Theresa May has urged her backbenchers to support a north-east MP’s fight to help stamp out violence against women.
The prime minister appealed to Conservatives not to block Eilidh Whiteford’s private member’s bill tomorrow.
If passed, the legislation will provide the UK Government with a vehicle for ratifying the Istanbul Convention.
This is the Council of Europe agreement, signed in 2012, on preventing and combating violence against women and domestic violence. The UK played a prominent role in developing it, but the process subsequently stalled.
SNP Westminster Leader Angus Robertson challenged Mrs May to “discourage any attempt to use parliamentary wrecking tactics to stop it” at Prime Minister’s Questions yesterday.
During the second reading stage, Tory MP Philip Davies was accused of trying to kill off the bill with a 77-minute speech, in which he argued it was sexist to say the focus should only be on violence against women.
He has previously campaigned for parliament to recognise International Men’s Day and criticised “militant feminists”.
But the prime minister insisted yesterday that her government was “fully committed” to ratifying the convention and that she was “very happy” to join Mr Robertson in encouraging MPs to back the legislation.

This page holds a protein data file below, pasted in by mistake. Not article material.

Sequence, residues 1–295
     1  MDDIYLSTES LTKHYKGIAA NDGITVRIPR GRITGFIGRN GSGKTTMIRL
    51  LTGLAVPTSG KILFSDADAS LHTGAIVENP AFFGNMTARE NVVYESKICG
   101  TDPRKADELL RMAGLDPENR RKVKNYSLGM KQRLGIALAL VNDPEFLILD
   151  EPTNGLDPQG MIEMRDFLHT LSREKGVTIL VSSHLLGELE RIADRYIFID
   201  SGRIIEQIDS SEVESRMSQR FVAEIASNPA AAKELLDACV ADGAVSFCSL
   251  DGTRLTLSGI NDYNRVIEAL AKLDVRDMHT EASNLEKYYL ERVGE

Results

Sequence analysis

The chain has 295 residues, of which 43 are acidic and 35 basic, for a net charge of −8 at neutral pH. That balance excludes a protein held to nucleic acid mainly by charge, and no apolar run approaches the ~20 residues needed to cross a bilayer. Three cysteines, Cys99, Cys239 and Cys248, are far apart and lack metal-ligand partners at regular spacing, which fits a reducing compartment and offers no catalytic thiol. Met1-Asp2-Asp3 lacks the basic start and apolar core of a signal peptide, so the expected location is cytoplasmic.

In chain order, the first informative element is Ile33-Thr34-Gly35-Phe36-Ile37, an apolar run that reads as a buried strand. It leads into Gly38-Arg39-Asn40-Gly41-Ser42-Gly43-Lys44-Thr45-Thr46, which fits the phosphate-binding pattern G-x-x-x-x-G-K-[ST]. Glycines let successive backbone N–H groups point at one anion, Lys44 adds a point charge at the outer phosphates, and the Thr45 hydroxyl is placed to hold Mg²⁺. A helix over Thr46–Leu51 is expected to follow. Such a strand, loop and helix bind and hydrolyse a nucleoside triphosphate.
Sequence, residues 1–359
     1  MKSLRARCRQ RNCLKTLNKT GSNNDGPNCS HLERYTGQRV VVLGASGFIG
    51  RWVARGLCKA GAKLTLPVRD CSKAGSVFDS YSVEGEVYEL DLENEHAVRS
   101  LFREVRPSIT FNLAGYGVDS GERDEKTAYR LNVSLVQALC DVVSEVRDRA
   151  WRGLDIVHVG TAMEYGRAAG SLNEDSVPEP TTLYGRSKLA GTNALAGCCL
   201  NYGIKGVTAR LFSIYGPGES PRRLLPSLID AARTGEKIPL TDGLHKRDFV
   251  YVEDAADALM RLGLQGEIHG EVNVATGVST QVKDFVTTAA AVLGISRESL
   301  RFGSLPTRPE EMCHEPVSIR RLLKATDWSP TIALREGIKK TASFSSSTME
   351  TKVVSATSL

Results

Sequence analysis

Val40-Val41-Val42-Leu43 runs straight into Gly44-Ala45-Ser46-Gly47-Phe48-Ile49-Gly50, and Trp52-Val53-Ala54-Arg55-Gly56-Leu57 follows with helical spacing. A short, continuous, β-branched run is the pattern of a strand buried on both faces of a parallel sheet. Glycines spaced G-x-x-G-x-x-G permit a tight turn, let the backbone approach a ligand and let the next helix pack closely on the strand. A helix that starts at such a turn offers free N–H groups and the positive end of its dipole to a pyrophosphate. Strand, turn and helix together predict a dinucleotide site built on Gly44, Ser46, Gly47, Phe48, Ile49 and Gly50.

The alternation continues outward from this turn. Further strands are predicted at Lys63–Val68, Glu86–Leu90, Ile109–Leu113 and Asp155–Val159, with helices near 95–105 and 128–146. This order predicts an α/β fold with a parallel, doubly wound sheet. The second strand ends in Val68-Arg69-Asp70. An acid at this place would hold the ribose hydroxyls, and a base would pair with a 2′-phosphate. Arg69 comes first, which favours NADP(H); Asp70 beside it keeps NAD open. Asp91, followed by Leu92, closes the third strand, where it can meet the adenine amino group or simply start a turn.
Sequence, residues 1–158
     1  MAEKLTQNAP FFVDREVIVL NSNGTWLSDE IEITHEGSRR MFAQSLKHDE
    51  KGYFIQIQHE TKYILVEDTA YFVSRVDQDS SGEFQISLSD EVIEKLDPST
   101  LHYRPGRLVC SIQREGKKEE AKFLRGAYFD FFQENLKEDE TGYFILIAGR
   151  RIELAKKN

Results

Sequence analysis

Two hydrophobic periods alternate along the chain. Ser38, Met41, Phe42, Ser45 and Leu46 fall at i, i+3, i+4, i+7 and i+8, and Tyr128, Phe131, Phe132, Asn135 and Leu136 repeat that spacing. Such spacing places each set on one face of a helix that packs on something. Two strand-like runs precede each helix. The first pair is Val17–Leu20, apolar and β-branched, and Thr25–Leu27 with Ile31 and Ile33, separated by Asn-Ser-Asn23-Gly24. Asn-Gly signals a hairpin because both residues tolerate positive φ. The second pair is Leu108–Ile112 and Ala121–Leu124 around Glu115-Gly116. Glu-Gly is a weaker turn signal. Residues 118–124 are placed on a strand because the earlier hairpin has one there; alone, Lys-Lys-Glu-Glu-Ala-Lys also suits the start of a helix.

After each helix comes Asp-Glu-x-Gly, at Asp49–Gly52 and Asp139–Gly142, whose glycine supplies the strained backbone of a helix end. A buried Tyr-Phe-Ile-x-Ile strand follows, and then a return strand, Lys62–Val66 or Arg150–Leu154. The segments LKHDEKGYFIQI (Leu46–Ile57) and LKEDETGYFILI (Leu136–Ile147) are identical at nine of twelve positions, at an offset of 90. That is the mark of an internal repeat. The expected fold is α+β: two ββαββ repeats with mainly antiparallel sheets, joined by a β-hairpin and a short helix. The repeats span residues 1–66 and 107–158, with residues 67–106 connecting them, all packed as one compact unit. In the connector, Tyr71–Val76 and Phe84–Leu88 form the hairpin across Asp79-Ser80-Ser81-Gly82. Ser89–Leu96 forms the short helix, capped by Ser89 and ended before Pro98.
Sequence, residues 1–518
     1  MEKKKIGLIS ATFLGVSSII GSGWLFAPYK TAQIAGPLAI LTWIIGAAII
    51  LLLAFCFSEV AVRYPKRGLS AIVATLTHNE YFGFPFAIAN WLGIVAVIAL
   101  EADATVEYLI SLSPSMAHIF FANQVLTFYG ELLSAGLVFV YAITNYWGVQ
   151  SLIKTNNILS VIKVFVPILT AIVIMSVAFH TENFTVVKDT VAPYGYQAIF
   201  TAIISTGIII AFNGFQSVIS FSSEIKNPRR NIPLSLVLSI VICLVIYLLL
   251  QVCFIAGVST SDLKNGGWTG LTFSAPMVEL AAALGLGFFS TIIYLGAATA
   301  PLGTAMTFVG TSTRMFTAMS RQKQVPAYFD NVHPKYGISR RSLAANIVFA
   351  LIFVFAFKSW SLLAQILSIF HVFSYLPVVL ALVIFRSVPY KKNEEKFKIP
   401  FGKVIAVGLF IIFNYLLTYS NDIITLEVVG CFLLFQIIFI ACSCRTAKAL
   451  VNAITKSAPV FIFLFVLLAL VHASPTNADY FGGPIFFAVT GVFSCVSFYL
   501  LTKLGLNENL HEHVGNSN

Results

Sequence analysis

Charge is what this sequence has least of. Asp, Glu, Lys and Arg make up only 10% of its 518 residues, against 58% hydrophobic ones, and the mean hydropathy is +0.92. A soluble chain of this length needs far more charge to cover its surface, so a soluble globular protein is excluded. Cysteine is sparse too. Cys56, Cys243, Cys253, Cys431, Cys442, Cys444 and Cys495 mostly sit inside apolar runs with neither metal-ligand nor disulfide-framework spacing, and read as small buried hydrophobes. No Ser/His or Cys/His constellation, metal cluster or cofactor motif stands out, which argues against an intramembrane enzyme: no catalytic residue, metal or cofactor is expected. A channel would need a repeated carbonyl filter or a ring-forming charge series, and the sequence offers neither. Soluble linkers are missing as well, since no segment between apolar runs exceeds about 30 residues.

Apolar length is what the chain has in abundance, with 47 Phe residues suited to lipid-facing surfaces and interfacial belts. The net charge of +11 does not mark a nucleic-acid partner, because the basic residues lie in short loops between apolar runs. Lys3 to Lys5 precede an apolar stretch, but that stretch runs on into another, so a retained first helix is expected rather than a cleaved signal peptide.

She added: “The government has tabled some mutually agreed amendments which the government will be voting for this Friday.
“And I hope that all honourable friends who will be here on Friday will be supporting those measures.
“This is an important bill, the government has been supporting it and I hope it will see support across all parts of this House.”
Mrs May described the issue as close to her heart and one she takes “particularly seriously”.
It was announced last week that she will directly oversee the creation of new laws to deal with domestic abuse in England and Wales.
Ms Whiteford, who represents Banff and Buchan, welcomed Mrs May’s support.
But she added: “I hope that a number of amendments to the bill that have the sole purpose to enable filibustering are withdrawn ahead of the debate.
“The Istanbul Convention is the most far reaching piece of violence against women legislation that has ever been developed. Yet the UK has been waiting over four and a half years to ratify.
“We have now seen that this bill has given impetus and urgency to the ratification process.”
Earlier this week, actress Emma Watson threw her support behind the Preventing and Combating Violence Against Women and Domestic Violence (Ratification of Convention) Bill.